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The Darlington Nuclear Generating Station in Clarington, Ont., was one of the plants mentioned in an anonymous letter to the CNSC alleging that management suppressed safety concerns voiced by staff.

Fred Lum/The Globe and Mail

The president of the Canadian Nuclear Safety Commission has openly questioned whether an anonymous letter purportedly written by specialists at the nuclear regulator alleging malfeasance is part of "conspiracy theory" from outsiders, but he nonetheless encouraged concerned employees to speak up.

Michael Binder, the president and chief executive officer at the commission, was addressing allegations made in a letter sent to him in June that claimed in five separate cases the commission's staff withheld information from commissioners that might have called the safety of a plant into question.

The letter led to an internal review from Peter Elder, a strategic adviser with the commission's regulatory branch who says he was able to maintain a neutral position because he has not been involved in regulating power plants since 2008. His review ultimately dismissed the allegations as unfounded.

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But two nuclear experts subsequently wrote letters to Mr. Binder asking him to discard Mr. Elder's review and to allow an arm's-length inquiry into the allegations of the anonymous whistle-blowers, calling the report "less than impartial" and a "sham" because it came from an employee.

Addressing the controversy for the first time at a public meeting on Wednesday evening, Mr. Binder said Canadian Nuclear Safety Commission management "does not muzzle our staff" and encourages them to publish, post and present their work in the "appropriate literature."

He pointed to Mr. Elder's review as proof the letter may have been written by outsiders.

"The question is, was this letter written by our staff? Because the conclusion of Peter [Elder] is completely diametrically opposed to anything in this particular letter," Mr. Binder said.

Most of the allegations in the anonymous letter relate to inadequate "probabilistic safety assessments" (PSAs), which forecast what could go wrong in a reactor, the probability of those situations occurring and the potential consequence.

Mr. Elder's review found the anonymous letter "overstates the importance of the PSA to the overall safety case" and that PSAs are meant to be used in conjunction with other types of safety analyses.

The letter writers, who say they are remaining anonymous because they are not confident of whistle-blower protection, asked Mr. Binder to assign an independent expert to review the accuracy of their claims. They make eight other recommendations for improving the licensing regime, many of them relating to specific issues at the Darlington Nuclear Generating Station on Lake Ontario, just east of Toronto, and at the Bruce plant on Lake Huron.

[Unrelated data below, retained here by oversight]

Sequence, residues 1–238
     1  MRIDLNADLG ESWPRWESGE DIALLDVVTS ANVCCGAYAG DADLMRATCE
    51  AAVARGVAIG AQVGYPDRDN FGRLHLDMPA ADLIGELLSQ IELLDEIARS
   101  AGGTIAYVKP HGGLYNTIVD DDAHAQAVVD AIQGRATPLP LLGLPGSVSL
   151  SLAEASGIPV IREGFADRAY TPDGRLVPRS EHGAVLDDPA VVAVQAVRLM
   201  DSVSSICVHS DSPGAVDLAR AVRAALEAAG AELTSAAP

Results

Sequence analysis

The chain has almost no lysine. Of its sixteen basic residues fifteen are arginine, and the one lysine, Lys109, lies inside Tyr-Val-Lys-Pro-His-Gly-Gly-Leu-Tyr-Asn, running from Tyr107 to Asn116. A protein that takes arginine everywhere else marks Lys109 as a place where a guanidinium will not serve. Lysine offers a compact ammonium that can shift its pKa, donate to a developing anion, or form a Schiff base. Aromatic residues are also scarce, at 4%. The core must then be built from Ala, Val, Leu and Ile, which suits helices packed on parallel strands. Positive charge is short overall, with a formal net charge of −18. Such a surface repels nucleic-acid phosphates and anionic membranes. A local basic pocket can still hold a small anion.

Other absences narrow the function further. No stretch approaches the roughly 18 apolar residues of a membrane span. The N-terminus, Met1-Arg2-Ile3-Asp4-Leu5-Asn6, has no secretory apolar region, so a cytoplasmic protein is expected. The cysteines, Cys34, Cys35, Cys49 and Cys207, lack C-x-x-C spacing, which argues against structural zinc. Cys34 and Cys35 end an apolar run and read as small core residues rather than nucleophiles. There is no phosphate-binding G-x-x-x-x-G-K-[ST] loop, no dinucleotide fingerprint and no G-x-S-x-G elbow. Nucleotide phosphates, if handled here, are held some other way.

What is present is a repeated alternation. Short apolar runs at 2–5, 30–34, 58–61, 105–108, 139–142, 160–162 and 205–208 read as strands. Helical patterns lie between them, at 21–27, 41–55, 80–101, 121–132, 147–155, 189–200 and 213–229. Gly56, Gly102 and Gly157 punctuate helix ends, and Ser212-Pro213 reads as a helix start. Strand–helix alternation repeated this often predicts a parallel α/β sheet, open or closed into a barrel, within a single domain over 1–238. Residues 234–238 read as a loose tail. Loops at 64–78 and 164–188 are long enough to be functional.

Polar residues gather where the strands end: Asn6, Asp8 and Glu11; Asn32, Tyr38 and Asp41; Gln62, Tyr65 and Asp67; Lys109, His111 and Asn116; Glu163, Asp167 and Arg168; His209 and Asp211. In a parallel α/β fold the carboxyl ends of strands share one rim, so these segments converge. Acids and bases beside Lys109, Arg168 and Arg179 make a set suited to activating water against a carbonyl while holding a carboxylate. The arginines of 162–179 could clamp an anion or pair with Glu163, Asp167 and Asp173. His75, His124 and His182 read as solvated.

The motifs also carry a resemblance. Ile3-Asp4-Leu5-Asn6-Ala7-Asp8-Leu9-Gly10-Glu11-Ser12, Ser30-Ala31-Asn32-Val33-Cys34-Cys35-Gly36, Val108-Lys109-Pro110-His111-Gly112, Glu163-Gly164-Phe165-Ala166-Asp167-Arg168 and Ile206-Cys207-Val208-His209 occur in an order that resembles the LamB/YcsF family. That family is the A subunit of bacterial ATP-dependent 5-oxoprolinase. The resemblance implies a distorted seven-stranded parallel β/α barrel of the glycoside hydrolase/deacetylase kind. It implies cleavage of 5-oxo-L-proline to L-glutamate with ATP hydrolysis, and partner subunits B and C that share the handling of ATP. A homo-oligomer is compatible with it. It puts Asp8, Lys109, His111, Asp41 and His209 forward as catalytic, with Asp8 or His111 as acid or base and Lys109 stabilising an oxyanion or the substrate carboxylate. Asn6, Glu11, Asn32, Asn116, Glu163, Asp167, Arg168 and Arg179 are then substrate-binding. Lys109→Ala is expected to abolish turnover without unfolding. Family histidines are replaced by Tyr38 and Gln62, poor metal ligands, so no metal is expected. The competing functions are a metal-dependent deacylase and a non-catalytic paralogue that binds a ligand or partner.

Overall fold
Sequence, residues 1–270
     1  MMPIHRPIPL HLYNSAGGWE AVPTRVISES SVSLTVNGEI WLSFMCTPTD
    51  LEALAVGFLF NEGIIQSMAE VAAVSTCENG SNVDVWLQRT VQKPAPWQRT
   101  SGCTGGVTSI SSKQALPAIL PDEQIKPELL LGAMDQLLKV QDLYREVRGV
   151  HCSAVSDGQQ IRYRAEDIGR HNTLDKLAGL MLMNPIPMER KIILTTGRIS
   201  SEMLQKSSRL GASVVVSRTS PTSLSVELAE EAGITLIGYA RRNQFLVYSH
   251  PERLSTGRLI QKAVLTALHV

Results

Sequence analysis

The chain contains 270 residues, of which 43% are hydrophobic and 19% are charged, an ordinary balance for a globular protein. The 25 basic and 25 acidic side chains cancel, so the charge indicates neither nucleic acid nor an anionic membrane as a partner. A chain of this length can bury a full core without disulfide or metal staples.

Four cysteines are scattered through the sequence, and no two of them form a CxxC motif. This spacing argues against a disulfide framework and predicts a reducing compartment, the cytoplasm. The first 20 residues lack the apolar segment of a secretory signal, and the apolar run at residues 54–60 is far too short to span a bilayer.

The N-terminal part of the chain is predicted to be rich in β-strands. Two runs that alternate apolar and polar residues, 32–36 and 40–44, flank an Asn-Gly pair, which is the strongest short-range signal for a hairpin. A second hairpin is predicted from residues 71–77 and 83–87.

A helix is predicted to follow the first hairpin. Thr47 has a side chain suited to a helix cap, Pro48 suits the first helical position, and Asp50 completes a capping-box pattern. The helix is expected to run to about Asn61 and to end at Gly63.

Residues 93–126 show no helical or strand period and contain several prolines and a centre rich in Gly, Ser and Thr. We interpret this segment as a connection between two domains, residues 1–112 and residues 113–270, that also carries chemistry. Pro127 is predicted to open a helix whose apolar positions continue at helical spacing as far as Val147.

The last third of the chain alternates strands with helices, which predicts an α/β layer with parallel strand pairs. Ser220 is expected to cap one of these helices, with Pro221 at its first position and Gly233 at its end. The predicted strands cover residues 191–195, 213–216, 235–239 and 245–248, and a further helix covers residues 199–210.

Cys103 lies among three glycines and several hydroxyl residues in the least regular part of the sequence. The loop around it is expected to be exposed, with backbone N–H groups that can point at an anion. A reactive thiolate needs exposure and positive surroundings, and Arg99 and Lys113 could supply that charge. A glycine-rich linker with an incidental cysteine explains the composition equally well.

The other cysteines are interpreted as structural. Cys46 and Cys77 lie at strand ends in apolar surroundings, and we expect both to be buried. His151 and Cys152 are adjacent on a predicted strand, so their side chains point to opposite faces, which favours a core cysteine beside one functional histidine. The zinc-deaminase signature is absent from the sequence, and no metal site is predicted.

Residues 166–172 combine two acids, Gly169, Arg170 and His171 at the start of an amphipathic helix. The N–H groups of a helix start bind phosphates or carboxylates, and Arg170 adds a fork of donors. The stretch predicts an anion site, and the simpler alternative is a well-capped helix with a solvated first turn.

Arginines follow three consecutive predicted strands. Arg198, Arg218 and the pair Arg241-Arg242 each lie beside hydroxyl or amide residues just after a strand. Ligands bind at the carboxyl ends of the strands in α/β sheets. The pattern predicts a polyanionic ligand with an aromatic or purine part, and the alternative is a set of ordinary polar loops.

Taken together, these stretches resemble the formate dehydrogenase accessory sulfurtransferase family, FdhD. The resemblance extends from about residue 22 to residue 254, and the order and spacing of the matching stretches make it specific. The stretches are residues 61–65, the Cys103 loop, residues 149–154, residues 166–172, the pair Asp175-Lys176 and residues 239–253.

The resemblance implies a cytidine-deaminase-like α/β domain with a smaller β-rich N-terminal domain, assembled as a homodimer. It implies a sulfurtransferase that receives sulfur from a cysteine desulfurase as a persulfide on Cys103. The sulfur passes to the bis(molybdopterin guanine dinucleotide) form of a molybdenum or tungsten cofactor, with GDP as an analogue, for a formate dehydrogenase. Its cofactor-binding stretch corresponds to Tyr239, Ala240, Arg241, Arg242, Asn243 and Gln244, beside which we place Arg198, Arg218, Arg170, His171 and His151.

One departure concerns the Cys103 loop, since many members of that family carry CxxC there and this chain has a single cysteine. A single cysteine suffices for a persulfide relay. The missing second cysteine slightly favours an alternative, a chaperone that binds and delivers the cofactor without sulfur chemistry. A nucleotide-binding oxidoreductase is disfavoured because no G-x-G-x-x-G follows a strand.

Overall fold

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Yolande Akl, a PSA director at the commission, told the hearing she didn't believe the letter came from one of her specialists.

"It cannot come from the PSA professionals because they know that the PSA, as much as it's a very powerful tool, it has also its limitations, and who knows best about the limitations are the PSA specialists," she said.

"So if you're correct, we are into a conspiracy theory here," Mr. Binder replied.

Commissioner Rumina Velshi asked officials on Wednesday how often an employee had come to the commission's office of audit and ethics with concerns and wished to remain anonymous.

Marc Leblanc, who is responsible for internal conflict management, said no whistle-blowers have come through the system in four years. "Formally, it's zero, but I know there's a number of people that will meet our ethics specialists to get advice in how to proceed," he said.

A spokesman later clarified that the commission administers the internal disclosure program, and has received no formal requests and is not aware of any staff complaints sent to the public sector integrity commissioner.

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Ms. Velshi later told the hearing, "It doesn't matter who wrote that letter. For a while, I was getting very uncomfortable with how the conversation [about who the letter writers were] was going there."

Mr. Elder's review did make three recommendations: clarifying expectations for PSAs, making technical reviews more "systematic" and improving the ways in which staff can anonymously complain.

"If the authors were CNSC staff they were clearly not familiar with the tools, since those tools include ones under which they could have had their identity protected if they were concerned about reprisal," Mr. Elder told the hearing.

"Therefore, I recommend that there should be ongoing communication to staff about these processes and they should be encouraged to use them."

Shawn-Patrick Stensil, a senior energy analyst with Greenpeace Canada who was also copied on the letter, said the commissioners need to ensure the root causes of the letter are properly investigated and addressed.

"Up and beyond the narrow scope of Mr. Elder's review, the whistle-blower letter indicates there's a problem with safety culture at the commission," he wrote in prepared remarks, which he was not given the opportunity to deliver at the meeting.

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Mr. Stensil added that the Fukushima nuclear disaster in Japan in 2011 happened because staff did not acknowledge or act on information about a tsunami risk at the station – and urged the commission to conduct an institutional review to ensure the same thing does not happen in Canada.

With a report from Gloria Galloway

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